Sonic Acts is a collective of artists who initiated the Dark Ecology project in 2014. The group went to Nikel (a town in Russia) to create artworks that explored the concept of Dark Ecology in a real life situation. Nikel is a town that typifies the qualities of the Dark Ecology that Morton writes about, as it is a quite desolate town with a destroyed local ecology. This was noted by Arie Altena. Together with the Sonic Acts he decided to go there to explore it and see how this experience could be translated into artworks that could help us deal with the Dark Ecology of the Anthropocene. Altena and Sonic Acts are a group that seek engagement with the Dark Ecology, not by solving it, but by making people rethink the way they relate to their ecology. According to Altena, Product Designers should look not to solve the problem of Dark Ecology, but to look to communicate this term through designed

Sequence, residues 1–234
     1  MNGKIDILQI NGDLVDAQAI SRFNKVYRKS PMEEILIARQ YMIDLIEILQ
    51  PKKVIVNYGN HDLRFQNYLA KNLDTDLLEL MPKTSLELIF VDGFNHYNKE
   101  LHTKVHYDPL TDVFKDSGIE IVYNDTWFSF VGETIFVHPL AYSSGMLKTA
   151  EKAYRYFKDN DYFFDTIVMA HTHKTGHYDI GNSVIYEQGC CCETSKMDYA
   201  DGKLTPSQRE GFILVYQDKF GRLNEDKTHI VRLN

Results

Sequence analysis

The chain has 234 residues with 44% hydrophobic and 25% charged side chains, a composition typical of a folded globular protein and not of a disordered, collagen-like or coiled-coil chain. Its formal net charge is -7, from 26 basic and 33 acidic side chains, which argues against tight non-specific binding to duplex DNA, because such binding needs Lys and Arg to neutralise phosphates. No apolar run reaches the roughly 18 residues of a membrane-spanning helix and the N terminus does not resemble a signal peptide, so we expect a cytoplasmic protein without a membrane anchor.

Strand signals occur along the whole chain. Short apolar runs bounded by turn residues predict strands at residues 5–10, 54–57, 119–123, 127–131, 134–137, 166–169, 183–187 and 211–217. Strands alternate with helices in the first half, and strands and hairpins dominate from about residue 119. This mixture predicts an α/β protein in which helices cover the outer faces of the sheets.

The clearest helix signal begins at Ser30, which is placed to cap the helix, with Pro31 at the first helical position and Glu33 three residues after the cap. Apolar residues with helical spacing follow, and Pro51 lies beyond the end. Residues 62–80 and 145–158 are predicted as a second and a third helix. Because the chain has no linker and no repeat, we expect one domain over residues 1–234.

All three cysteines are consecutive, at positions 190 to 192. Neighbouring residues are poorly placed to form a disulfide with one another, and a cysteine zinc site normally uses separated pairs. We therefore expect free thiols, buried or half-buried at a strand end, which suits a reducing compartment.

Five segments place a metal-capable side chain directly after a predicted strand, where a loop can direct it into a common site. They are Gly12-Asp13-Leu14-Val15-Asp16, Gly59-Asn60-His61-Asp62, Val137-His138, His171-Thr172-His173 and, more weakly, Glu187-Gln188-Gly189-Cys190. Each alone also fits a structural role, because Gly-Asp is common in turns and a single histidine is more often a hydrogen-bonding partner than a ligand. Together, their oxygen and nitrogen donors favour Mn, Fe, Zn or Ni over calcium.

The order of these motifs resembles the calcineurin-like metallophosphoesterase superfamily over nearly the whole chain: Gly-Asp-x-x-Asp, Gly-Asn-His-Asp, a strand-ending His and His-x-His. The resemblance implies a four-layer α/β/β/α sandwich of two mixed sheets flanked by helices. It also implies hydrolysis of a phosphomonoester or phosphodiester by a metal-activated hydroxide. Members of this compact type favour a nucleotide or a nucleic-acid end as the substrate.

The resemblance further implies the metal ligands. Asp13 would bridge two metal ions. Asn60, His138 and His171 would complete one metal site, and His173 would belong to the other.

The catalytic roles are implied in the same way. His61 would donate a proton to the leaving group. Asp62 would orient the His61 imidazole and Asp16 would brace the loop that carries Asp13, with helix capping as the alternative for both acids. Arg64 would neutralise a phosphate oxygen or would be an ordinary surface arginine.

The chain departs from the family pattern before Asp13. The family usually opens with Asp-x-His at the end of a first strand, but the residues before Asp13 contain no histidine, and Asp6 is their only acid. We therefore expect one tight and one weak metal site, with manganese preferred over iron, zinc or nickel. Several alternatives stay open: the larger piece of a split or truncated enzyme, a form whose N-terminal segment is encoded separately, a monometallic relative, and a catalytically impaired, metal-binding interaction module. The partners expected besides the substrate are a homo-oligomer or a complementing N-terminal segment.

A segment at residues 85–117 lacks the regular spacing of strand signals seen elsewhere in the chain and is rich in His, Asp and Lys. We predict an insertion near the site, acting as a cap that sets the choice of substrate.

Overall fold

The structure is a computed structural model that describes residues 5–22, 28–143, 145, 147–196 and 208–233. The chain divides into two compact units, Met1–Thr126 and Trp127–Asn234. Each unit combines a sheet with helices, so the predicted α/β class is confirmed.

Heather Davis is a writer editor and researcher who has written extensively and lectured about plastics. Heather considers plastic to be a part of our ecology, as it is so commonly found in our ecology that one could now call it natural. She and Timothy Morton tell us to neglect the binary thinking of “Nature”, within the discourse concerning ecology and plastics, by approaching plastic through a Queer understanding of the material.
What is important to note is that many synthetic plastics are oil based derivatives. Considering the fact that crude oil is usually black, Product Designers can also engage with plastic to try to rethink the relationship between Dark Ecology & Product Design.
In the end I propose that Product Designers use craft to create products that help us understand the terms Dark Ecology & Agrilogistics, as craft has an intimate understanding of plastic through touching and seeing (aesthetic & kin-aesthetic experience). I believe that by crafting products Product Designers can engage, within the realm of Visual Culture, with Dark Ecology, Agrilogistics and Plastics.